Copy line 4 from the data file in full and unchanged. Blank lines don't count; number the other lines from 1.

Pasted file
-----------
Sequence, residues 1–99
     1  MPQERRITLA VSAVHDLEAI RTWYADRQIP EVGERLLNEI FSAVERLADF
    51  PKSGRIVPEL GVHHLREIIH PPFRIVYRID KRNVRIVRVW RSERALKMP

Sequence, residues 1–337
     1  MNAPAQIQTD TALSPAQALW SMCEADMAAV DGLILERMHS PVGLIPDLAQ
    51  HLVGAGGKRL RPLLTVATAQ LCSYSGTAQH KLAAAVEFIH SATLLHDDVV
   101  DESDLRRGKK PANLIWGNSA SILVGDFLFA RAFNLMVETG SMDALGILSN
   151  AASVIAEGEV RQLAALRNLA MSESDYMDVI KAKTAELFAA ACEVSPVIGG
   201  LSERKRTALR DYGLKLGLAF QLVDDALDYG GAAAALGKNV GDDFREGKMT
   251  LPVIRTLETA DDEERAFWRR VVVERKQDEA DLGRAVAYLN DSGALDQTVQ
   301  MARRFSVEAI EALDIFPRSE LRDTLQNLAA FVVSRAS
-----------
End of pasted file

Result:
Sequence, residues 1–337